October 4, 2016

3 Types of Cooking Methods and the Foods That Love Them

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One of the most important aspects of cooking delicious food is understanding the strategies for matching specific types of meats, seafood, and vegetables with the correct cooking methods. So let’s get down to it!

Cooking methods can be grouped into three categories:

1. Dry-heat methods, with or without fat

Dry-heat cooking methods like stir-frying, pan-frying, deep-frying, and sautéing rely on fats and oil to act as the cooking medium.

In dry-heat methods that don’t use fat—like grilling and roasting—food is cooked either by direct or indirect application of radiant heat. No liquid is used, and any fat that is added during the cooking process is intended to add flavor and not to act as a cooking medium. The end result is a highly flavored exterior and moist interior.

2. Moist-heat methods

Moist-heat techniques—such as steaming, shallow poaching, deep poaching, and simmering—have traditionally served as simple and economical ways to prepare foods. Many of the classic dishes of the world are prepared using moist-heat methods because water-soluble nutrients are not drawn out of the food as readily. The result is tender, delicately flavored, and healthful dishes.

3. Methods using a combination of dry and moist heat

These methods, which apply both dry and moist heat, are appropriate for foods that are too tough to be successfully prepared by any other method. Tender foods such as fish and vegetables can also be braised or stewed successfully; however, they will require less cooking liquid, a lower temperature, and a shorter cooking time.

The first step for most combination methods is to sear the main item. Next, braising is considered appropriate for foods that are portion-size or larger, as well as for cuts from more-exercised areas of large animals, mature whole birds, or large fish. Stewing can use the same meat cuts, but the main item is cut into bite-size pieces and the amount of liquid used in relation to the amount of ingredients varies from one style of preparation to another.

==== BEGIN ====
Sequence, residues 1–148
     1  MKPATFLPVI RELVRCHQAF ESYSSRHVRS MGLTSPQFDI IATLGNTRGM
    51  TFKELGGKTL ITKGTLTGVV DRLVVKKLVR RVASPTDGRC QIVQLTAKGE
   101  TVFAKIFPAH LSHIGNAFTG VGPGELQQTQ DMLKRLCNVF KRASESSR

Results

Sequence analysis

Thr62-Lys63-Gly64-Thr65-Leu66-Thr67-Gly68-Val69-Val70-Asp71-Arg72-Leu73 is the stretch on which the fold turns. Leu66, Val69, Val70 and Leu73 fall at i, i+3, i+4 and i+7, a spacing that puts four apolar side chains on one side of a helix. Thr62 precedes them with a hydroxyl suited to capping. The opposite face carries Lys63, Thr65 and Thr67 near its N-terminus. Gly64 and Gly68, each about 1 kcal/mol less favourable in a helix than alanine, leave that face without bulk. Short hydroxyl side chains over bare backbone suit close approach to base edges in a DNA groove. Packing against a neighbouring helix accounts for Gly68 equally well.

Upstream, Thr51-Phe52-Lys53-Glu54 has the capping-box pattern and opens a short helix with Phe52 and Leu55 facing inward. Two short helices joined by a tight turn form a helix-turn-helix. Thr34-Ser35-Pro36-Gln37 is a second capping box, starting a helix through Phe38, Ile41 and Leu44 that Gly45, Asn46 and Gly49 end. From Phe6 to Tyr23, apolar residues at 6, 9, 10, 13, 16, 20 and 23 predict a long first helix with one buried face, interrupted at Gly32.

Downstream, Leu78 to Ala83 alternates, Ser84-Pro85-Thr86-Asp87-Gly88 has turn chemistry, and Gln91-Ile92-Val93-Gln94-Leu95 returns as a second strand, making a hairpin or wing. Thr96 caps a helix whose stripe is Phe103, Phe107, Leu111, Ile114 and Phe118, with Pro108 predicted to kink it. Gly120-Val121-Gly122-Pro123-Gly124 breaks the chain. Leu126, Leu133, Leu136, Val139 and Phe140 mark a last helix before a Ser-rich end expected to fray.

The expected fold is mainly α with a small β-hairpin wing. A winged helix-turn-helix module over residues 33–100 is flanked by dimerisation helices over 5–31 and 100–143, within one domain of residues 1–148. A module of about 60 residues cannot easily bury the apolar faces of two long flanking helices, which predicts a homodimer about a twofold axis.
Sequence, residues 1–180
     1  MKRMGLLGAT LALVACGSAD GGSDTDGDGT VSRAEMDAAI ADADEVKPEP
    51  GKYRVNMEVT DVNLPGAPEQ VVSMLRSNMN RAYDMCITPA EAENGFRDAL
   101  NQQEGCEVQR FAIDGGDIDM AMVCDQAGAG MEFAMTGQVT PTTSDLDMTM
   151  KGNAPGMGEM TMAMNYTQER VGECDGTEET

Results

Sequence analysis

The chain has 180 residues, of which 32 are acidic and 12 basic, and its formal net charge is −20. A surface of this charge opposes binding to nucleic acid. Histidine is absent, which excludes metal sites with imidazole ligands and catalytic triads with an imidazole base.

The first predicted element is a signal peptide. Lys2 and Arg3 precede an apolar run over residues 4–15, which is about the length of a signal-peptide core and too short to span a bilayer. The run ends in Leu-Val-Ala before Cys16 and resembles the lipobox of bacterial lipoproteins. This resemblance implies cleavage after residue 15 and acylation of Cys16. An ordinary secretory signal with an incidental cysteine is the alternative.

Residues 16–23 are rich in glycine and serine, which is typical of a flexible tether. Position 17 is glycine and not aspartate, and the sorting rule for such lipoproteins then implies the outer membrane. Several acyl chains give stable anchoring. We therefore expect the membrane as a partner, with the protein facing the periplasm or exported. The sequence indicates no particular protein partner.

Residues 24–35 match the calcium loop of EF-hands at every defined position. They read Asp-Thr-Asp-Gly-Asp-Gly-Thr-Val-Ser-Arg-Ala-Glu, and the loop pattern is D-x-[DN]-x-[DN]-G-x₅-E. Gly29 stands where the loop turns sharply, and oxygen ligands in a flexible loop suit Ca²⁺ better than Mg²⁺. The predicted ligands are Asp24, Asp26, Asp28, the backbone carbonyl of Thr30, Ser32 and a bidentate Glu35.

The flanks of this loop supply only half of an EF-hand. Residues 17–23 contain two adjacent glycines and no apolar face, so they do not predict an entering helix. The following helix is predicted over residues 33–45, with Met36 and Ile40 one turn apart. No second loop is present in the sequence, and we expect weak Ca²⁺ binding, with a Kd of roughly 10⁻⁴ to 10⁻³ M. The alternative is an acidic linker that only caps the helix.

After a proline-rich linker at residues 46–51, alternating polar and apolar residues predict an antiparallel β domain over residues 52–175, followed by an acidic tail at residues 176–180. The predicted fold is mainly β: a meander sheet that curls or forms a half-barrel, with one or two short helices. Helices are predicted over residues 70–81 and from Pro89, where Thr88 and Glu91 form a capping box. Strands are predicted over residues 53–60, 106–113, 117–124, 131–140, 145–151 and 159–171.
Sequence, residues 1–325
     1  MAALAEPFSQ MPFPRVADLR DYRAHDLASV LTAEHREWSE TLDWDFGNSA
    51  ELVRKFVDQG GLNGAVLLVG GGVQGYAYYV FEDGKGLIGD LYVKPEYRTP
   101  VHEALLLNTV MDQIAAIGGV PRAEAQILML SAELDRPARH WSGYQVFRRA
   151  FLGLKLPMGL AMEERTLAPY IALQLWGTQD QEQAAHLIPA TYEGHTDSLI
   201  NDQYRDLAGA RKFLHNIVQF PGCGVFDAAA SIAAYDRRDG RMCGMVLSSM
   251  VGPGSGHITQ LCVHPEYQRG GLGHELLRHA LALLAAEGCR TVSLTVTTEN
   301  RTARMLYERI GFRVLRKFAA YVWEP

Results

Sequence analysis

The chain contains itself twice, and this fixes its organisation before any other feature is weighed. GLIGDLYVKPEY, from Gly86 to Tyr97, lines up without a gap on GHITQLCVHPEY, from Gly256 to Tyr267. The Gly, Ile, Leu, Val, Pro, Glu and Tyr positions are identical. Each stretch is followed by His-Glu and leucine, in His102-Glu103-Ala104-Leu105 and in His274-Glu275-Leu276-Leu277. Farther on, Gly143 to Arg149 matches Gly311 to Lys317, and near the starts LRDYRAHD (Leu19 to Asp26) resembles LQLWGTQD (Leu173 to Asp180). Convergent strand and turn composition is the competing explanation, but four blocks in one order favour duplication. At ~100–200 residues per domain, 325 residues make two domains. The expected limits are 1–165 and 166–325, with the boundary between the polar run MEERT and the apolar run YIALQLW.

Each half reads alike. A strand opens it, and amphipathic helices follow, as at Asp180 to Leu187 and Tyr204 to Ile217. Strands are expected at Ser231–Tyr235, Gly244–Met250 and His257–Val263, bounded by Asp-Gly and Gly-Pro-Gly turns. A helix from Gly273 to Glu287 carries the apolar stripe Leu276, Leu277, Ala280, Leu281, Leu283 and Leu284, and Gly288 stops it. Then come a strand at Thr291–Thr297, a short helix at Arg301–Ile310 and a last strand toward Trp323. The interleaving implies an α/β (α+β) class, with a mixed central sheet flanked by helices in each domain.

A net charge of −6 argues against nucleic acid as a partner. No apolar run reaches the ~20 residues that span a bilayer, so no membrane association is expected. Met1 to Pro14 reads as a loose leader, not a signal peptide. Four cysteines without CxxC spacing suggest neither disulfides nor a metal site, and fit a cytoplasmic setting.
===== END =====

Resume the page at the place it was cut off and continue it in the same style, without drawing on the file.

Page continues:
Shopping for the Perfect Match

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Identifying specific visual traits in the proteins that we buy is the first step in choosing the proper cooking method:

Tender, low-activity meats

Meats in this category include true steaks, such as porterhouse, prime rib, filet, sirloin, or T-bone. High-heat methods such as grilling, broiling, and sautéing sear these steaks quickly without the need for tenderization.

Tougher, high-activity meats

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Think chuck, shoulder, and flank. These cuts require mechanical tenderization, braising, or long and slow cooking.

Active, fatty fish

Tuna, who swim at top speeds of more than 40 mph, are best approached with a light hand, or even raw. High-heat cooking methods such as grilling, broiling, and sautéing work together with sweet, sour, or spicy elements to contrast the tuna’s rich flavor.

Lean fish

In contrast, lean fish such as flounder and cod are often deep-fried with tartar sauce or served with rich lemon butter sauce to contrast the lean mild flavor.

Poultry and pork

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Poultry and pork are similar to beef in that cuts that have limited exercise such as the breast or loin require quick cooking methods, whereas pork shoulder and leg are braised or cooked long and slow.


Vegetables can also be cooked based on their density, structure, and moisture content. Tender vegetables that contain a lot of water, such as peppers, zucchini, and mushrooms, can be sautéed or grilled, whereas drier broccoli or green beans need to be cooked in boiling salted water to tenderize. Braising is used to tenderize leafy greens such as collards, kale, and cabbage.

Mark Ainsworth is a professor of culinary arts at the New York campus. He is the author of the Kitchen Pro Series: Guide to Fish and Seafood Identification, Fabrication, and Utilization and his newest, The Young Chef: Recipes and Techniques for Kids Who Love to Cook.